Cystitis, especially in cases where patients become completely blocked, is extremely serious and can be fatal. Cats straining to urinate need immediate treatment.
In the cases when an underlying cause of cystitis is diagnosed, we treat the primary medical condition. For example, a urinary tract infection requires antibiotics and urinary stones often require surgical removal. In more frequent cases of idiopathic cystitis, treatment varies and focuses on reducing anxiety by removing potential stress factors and enriching your cat’s environment with:
- increased access to perches and private spaces
- additional litter boxes
- increased playtime and interaction with pet parents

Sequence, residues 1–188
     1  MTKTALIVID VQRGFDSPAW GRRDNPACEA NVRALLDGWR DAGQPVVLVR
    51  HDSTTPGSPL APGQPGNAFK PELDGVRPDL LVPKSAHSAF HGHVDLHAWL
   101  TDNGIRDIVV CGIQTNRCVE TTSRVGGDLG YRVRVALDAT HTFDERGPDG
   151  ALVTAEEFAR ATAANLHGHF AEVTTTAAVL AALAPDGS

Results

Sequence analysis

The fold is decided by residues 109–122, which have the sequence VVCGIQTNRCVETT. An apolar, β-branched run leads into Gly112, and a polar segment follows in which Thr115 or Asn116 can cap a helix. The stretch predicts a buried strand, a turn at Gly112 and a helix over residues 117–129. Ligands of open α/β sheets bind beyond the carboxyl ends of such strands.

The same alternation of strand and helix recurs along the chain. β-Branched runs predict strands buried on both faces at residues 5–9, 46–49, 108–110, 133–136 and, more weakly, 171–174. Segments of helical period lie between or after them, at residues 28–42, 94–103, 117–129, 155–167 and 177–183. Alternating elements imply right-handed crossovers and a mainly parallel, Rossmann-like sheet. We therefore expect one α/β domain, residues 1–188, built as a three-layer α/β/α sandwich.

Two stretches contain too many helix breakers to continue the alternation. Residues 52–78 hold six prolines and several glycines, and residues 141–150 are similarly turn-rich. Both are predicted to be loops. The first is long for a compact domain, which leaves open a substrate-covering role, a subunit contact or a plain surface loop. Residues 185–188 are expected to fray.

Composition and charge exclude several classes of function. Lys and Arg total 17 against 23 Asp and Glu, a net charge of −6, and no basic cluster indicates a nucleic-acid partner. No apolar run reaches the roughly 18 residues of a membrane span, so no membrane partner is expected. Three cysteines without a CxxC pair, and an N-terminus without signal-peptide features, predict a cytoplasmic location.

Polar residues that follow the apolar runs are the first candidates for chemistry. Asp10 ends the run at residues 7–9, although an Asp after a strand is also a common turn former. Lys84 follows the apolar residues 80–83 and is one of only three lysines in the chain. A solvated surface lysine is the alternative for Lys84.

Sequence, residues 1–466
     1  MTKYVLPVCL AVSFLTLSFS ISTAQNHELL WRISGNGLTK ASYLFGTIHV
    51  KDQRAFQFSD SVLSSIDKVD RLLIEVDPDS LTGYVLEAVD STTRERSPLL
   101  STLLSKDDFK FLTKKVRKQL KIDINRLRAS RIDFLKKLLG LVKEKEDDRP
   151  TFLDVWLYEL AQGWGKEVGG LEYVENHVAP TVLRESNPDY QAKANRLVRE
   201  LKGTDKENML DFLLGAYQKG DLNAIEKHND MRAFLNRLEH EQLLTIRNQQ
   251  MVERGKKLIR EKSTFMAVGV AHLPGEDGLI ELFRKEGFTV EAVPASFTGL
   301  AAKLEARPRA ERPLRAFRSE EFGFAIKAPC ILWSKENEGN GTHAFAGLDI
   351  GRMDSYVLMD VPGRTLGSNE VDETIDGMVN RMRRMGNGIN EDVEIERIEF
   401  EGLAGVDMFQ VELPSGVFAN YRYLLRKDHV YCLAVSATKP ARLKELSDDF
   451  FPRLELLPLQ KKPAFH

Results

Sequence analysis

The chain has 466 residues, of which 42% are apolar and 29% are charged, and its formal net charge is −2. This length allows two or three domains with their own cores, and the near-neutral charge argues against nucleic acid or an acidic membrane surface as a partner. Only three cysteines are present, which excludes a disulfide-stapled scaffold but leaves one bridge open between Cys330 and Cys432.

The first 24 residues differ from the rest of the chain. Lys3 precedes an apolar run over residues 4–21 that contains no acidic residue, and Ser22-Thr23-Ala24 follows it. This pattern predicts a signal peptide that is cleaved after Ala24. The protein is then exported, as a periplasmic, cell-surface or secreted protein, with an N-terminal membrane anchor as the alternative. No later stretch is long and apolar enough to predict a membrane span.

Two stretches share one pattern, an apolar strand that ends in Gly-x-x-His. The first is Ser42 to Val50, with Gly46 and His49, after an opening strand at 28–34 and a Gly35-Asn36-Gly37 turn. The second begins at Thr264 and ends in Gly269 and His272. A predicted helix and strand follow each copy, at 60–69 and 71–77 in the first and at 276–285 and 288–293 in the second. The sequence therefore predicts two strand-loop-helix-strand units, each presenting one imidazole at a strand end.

- increased hydration from wet food and attractive water sources, such as fountains
Every cat is different and will respond differently to his or her environment and housemates. Depending on the patient, medications might also be prescribed to lessen the severity of side effects, including pain, inflammation, bladder and/or urethral spasms and to calm anxiety. If you notice any changes in your cat’s litter box habits, we encourage you to schedule an appointment with a Pet Health veterinarian right away.